Yes, it’s a lot of work to do this for every application, but the more you know about the company, the better. Researching the company can uncover clues about what hiring managers want from their employees, which means you can tailor your resume to be the person they want to hire.

Commit to the research because it allows you to add the best skills to put on a resume to land a job with the company. It’s a valuable exercise for discovering essential soft skills you may not find in a job description.

What if you don’t have the “must have” skills?

If your core competencies are way off from the required skills in the job description, there’s little point in applying for the job. You’re unlikely to get an interview, and you could be channelling your efforts into a job application that matches your skills and experience.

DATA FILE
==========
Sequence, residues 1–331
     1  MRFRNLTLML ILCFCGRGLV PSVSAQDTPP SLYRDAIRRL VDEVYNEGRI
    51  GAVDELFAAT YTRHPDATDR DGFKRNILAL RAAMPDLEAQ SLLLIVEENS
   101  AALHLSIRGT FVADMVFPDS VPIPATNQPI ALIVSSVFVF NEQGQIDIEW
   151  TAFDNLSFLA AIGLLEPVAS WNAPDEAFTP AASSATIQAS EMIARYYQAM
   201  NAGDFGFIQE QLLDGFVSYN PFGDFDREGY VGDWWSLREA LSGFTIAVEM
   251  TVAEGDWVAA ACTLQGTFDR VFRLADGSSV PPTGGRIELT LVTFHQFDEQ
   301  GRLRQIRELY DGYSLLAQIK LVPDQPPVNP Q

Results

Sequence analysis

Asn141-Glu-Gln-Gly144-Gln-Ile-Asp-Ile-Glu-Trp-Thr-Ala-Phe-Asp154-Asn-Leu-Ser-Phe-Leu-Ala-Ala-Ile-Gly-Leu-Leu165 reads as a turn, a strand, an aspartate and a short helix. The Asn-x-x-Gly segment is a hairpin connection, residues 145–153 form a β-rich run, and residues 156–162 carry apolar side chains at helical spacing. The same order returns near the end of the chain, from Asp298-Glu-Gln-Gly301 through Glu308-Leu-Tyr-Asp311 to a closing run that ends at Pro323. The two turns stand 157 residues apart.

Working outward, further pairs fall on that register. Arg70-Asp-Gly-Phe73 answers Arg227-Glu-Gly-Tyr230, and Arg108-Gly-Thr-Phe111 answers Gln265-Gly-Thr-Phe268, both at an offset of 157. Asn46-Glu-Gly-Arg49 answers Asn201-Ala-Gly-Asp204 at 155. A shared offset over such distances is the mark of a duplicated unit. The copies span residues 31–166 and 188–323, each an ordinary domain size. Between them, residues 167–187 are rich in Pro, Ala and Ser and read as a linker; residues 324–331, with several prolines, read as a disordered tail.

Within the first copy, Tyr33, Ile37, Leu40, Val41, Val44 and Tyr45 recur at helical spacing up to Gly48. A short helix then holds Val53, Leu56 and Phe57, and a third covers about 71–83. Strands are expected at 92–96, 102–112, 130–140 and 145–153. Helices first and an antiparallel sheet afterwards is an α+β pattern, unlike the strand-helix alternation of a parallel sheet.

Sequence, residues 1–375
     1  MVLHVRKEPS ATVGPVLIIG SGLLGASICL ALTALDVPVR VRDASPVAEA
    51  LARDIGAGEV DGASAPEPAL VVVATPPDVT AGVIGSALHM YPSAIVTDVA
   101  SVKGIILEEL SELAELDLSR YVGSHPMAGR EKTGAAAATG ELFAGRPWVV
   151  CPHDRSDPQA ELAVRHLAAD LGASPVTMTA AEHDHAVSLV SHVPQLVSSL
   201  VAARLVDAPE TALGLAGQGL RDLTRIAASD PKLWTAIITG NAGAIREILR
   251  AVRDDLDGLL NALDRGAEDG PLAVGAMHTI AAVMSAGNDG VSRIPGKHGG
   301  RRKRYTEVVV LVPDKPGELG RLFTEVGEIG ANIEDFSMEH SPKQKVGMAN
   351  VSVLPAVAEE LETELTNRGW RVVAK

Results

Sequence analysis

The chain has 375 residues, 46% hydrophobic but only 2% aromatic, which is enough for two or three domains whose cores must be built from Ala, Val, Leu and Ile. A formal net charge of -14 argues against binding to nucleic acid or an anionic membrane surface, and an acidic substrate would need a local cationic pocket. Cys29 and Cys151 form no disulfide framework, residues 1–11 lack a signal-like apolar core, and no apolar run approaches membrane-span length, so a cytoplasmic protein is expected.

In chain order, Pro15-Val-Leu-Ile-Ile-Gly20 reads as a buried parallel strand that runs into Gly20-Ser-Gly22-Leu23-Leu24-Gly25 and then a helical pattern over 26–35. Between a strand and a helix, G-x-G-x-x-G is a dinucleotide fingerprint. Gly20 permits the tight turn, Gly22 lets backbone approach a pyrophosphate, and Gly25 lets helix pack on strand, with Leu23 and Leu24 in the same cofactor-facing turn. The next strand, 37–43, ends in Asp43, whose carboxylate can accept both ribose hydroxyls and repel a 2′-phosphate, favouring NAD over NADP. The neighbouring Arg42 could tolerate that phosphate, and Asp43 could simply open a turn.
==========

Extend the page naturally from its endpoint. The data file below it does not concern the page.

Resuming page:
However, it’s worth applying if you believe you can demonstrate the ability to do the job. For instance, suppose the company is asking for a degree as a prerequisite and two years of experience. You don’t have a degree but have three years of quantifiable experience. Give specific examples of your work history for this role on your resume or cover letter.

In addition, suppose the job description asks for specific experience in JavaScript, which you don’t have. But you are qualified and experienced with four other programming languages. For this example, you can highlight to the company that you can learn JavaScript because you know you quickly pick up new programming languages. Give examples if possible.

Companies also list “nice-to-have-skills” on job descriptions. If you don’t have any of those skills, don’t let it put you off from applying. In most cases, these skills are trainable.

How to list skills to put on your resume